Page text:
Women grow more confident as the years go by, but there are always ways we boost our ‘can do’ further, simply by making small changes.
You may have felt low in confidence when you hit your early 50s. Many women do. In fact, around that age, women often report feeling invisible and even dismissed by society.
After that, though? It just keeps getting better. According to figures from Zenger Folkman, a research and training organisation, in her mid-40s a woman’s confidence is reasonably high. It often dips in the low to mid-50s, and then it jumps from age 60.
Isn’t it great to think the older we get, the more invincible we feel? Even better, with just a few small tweaks and changes to our way of thinking, we can truly feel this is the time of our lives.
Turning perceptions on their head
Believing in yourself sounds like a cliché, but it’s quite incredible the difference it can make — and interestingly, many women say that the aspects of their personality they had once thought of as a hindrance turn out to be the things that give them most confidence later in life.
Perhaps you’ve always felt too “stubborn”, which now you view as determination instead. You may have thought of yourself as opinionated in a negative way (and perhaps others affirmed that), but as you age, you might pride yourself on your well thought-out points of view, enjoying the challenge of a dinner party discussion or book group. The key to enjoying your virtues and vices is exactly this — to find the positives in what makes you, you. So if you’ve always viewed yourself as having strong opinions about how the country should be run, for example, sign up for local political party activities or perhaps even consider putting yourself forward as a councillor or MP.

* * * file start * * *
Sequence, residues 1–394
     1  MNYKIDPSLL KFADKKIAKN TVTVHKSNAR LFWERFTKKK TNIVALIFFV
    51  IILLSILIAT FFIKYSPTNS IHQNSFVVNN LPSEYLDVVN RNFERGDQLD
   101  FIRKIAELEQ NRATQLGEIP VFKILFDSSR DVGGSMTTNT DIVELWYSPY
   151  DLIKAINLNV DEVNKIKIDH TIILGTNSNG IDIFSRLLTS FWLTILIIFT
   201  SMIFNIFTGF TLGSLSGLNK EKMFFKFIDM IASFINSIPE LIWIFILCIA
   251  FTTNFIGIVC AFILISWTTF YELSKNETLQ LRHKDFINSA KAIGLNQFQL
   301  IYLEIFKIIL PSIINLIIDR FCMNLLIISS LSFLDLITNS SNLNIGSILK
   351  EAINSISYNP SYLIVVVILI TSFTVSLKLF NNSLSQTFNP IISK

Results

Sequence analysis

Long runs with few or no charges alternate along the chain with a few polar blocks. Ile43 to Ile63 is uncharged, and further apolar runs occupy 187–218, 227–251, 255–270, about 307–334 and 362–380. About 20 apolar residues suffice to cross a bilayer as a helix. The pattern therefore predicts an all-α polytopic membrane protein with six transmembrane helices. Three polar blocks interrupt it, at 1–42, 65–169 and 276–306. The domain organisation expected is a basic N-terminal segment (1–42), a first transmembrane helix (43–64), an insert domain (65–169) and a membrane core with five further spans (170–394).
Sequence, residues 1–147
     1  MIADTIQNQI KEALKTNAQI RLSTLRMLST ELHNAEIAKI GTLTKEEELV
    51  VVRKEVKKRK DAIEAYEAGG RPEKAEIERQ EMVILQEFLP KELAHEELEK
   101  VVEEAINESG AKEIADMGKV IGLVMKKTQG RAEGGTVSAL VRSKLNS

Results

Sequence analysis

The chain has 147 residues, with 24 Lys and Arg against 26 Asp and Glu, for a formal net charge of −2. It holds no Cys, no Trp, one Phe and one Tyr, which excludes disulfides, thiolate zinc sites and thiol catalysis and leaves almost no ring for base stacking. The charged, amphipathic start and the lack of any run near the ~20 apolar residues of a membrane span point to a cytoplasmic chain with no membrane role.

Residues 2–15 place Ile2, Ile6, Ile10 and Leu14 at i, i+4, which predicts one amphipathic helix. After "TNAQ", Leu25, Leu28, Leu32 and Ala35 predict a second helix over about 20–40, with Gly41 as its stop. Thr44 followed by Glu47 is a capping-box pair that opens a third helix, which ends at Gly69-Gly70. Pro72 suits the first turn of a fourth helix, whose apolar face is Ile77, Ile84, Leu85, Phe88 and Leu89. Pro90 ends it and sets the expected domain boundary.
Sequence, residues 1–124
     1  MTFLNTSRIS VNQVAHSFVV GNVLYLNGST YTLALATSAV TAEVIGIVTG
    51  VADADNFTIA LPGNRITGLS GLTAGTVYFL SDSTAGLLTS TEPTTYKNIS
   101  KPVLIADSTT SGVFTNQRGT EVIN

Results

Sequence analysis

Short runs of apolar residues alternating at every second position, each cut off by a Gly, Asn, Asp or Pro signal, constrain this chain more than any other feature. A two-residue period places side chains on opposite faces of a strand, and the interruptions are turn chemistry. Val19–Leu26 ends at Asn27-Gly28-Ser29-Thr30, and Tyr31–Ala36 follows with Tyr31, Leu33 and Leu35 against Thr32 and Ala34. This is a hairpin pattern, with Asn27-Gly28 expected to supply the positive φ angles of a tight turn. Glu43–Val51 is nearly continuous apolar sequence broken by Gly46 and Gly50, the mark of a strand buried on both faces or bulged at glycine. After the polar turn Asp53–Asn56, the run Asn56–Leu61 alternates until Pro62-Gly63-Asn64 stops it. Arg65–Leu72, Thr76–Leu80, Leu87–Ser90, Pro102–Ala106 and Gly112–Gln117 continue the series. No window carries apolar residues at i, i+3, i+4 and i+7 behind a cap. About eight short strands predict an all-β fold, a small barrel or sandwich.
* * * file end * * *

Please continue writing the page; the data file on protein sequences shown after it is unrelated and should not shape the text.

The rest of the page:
If you’ve always been a bit of a know-it-all when it comes to grammar, offer your services as a proofreader for university students writing their dissertations. Find ways to use your unique idiosyncrasies to a positive end. Not only will you enjoy seeing the fruits of your labours, but you’ll gain new confidence in who you are.